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  • Shauna Rush


Here is this week's dose of “5-Point Friday”. A weekly round-up of the sports news and stories that I find most interesting and enjoyable.

Sports tech news that I'm paying attention to -

Global sailing league SailGP announced a three-year partnership with Acronis that will see the data and cyber protection firm help enhance the series’ broadcast product through the deployment of voice recognition technology.

This means that every conversation onboard each SailGP teams’ F50 catamarans will be tracked, transcribed, and translated in real-time, with feeds set to be made available to broadcasters in a variety of languages, including French, Spanish, Japanese and Mandarin.

Viewers will, therefore, be able to listen to tactical calls and decisions made during races, while team data analysts will also use them to develop future race strategies.

“Technical innovation plays an integral role in everything we do at SailGP, and we are continually looking at ways to entertain with our unique sports property and excite our fans,” said series chief executive Russell Coutts.

“Being able to listen to all of the onboard communications in the different team languages will truly bring another dimension to our broadcast offer and we are really excited to work with Acronis to add this to our award-winning broadcast platform when the league restarts in San Francisco in April 2021.”

Baseball news that I am following -

MLB revealed the viewing figures through the third weekend of their coronavirus-shortened 2020 season.

The league announced that it's 59 nationally televised games have reached 38.875 million unique viewers. A 51% increase on the same stage the previous season.

In terms of digital consumption, MLB.TV is up 11% in total games watched and 29% in total minutes watched, both records.

Furthermore, ESPN also announced that it has seen an increase of 69%, with viewers within the 18–34 demographic. While the female audience also grew by 83% within 18–34 years olds.

What I've been reading -

WE League chair plots ambitious, progressive path for women's game by Dan Orlowitz (@aishiterutokyo). The article delves into Kikuko Okajima's ambitious vision for women's soccer in Japan.

Football news I am following -

The Canadian Football League (CFL) announced that it has decided not to play a shortened 2020 season.

“Our league governors decided today it is in the best long-term interests of the CFL to concentrate on the future,” said Commissioner Randy Ambrosie (@RandyAmbrosie).

“We are absolutely committed to 2021, to the future of our league and the pursuit of our vision of a bigger, stronger, more global CFL.”

Unlike U.S.-based leagues that can count on large broadcasting deals for revenue, the CFL depends heavily on its live gate. Which due to Canada's ban on large gatherings, the league will be unable to cover the lost revenue.

A plan for a 2020 'bubble' tournament in Winnipeg had been planned. However, the Canadian government ultimately declined the CFL’s appeal for financial support.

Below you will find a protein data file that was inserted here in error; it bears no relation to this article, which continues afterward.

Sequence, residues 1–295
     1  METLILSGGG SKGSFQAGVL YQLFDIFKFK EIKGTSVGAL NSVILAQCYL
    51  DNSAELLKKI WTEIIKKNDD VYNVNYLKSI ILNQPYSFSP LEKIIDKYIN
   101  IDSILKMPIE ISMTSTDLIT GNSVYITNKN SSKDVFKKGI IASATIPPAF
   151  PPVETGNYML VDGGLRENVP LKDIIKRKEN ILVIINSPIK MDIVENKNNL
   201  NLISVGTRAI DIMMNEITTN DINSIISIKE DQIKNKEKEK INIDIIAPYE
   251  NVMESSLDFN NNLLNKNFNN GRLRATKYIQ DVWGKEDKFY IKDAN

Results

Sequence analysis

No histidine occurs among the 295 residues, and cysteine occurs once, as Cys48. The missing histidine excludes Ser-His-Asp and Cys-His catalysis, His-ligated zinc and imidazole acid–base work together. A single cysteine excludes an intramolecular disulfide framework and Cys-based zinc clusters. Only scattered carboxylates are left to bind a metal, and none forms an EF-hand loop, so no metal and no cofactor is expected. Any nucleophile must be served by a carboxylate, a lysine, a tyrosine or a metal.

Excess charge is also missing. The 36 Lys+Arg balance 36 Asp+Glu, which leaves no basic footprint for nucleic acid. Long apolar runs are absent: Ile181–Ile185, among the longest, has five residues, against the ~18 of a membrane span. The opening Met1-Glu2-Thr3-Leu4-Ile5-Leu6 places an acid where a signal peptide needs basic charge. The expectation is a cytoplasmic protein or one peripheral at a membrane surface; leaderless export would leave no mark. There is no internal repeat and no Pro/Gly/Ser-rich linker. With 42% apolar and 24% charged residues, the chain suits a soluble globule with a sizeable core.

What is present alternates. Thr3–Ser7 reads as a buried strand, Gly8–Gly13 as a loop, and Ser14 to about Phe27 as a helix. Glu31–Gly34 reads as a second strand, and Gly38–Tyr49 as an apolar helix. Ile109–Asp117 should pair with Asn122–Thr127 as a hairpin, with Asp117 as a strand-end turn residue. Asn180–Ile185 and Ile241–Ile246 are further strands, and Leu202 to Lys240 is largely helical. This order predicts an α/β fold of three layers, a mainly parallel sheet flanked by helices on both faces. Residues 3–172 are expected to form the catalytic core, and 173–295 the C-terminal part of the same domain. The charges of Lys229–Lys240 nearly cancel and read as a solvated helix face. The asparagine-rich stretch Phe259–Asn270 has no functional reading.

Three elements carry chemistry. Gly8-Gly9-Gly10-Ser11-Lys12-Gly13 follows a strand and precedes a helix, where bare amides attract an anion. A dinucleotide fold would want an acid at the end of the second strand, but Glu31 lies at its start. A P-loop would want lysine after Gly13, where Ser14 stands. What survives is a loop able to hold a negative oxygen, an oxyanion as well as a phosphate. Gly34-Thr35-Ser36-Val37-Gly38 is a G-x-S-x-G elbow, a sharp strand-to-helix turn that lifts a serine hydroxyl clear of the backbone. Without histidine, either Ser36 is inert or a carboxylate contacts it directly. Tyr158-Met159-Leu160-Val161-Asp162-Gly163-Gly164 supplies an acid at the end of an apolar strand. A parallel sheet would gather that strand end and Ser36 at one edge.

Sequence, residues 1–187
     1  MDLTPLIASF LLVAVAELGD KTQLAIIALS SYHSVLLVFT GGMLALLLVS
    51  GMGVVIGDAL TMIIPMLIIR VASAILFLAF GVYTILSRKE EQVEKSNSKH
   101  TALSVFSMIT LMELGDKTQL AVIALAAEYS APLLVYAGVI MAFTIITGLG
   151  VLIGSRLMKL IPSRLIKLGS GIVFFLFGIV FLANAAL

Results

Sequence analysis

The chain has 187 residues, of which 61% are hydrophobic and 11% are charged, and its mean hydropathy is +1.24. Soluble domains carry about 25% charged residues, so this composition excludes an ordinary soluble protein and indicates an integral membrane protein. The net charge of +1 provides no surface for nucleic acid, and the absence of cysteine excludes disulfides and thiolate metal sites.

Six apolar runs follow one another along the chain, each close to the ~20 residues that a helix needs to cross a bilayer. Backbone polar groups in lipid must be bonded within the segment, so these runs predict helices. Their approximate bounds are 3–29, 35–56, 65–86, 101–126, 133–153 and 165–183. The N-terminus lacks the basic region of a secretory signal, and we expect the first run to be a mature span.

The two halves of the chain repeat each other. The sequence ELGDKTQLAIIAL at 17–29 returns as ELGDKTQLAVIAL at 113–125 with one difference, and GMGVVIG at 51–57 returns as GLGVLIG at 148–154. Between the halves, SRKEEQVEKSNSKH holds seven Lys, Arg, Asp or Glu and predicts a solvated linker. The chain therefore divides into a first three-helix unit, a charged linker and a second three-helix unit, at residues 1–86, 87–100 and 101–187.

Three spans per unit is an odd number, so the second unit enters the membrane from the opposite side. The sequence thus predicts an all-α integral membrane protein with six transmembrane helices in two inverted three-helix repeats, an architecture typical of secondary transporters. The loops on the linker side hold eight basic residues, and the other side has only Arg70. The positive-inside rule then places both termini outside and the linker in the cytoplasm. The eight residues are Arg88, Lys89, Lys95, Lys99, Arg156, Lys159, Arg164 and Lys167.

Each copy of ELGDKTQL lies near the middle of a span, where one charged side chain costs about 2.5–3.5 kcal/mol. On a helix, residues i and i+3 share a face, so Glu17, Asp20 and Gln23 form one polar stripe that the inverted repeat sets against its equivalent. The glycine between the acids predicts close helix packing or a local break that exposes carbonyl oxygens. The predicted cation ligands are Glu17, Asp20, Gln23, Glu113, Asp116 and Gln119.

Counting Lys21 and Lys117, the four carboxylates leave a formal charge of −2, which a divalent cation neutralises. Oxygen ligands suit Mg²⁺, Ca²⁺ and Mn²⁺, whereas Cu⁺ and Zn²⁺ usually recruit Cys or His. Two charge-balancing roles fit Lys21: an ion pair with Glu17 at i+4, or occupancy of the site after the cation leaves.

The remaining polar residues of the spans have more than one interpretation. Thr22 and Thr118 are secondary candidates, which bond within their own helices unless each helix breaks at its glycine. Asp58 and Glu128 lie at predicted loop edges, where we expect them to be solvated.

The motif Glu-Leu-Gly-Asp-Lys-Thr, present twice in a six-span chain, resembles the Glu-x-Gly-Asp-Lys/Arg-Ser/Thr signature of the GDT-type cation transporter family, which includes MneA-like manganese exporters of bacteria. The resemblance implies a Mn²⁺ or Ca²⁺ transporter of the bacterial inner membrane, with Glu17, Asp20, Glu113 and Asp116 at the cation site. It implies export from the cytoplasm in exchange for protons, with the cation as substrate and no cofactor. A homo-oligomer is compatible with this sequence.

“Even with additional support, our owners and community-held teams would have had to endure significant financial losses to play in 2020,” Ambrosie said.

“Without it, the losses would be so large that they would really hamper our ability to bounce back strongly next year and beyond. The most important thing is the future of our league.”

Ambrosie also thanked CFL fans, players, and partners for their ongoing commitment to the league.

“The support, understanding and patience have been outstanding. Our players have hung in there despite the hardship imposed on them and their families by a postponed season. Our fans keep asking how they can help. And our partners, especially our friends at Bell Media, have been incredible to us,” he said.

“I want to thank all of them. I also want to express our gratitude to all our fellow Canadians because their efforts flattened the pandemic’s curve to the extent that a 2020 season appeared feasible. Unfortunately, not all the necessary pieces came together,” Ambrosie added.

“Now the time has come to shift our focus to 2021 and beyond. We will be back. And we will use this time to ensure the CFL comes back stronger than ever.”

Swimming tech I am interested in -

Vuzix’s Smart Swim, a device that clips onto any pair of goggles and provides swimming data, messaging, and even a video player to the swimmer in real-time via AR.

“Swimming is the ultimate hands-free environment,” says Vuzix's Chief Science Officer, Craig Travers. “Just floating the information out there [on the goggles display], that would be a big win for us, and I knew we could do better in the software world.

“With Smart Swim, metrics are delivered in real-time,” he added, “and you’re putting it on the athlete’s eye.”

Smart Swim is currently an Android device that offers separate apps for open-water and pool lap swimmers. It also offers the opportunity to stream video content over wifi or connect to swimmers' headphones through Bluetooth.

Have a wonderful weekend, all!



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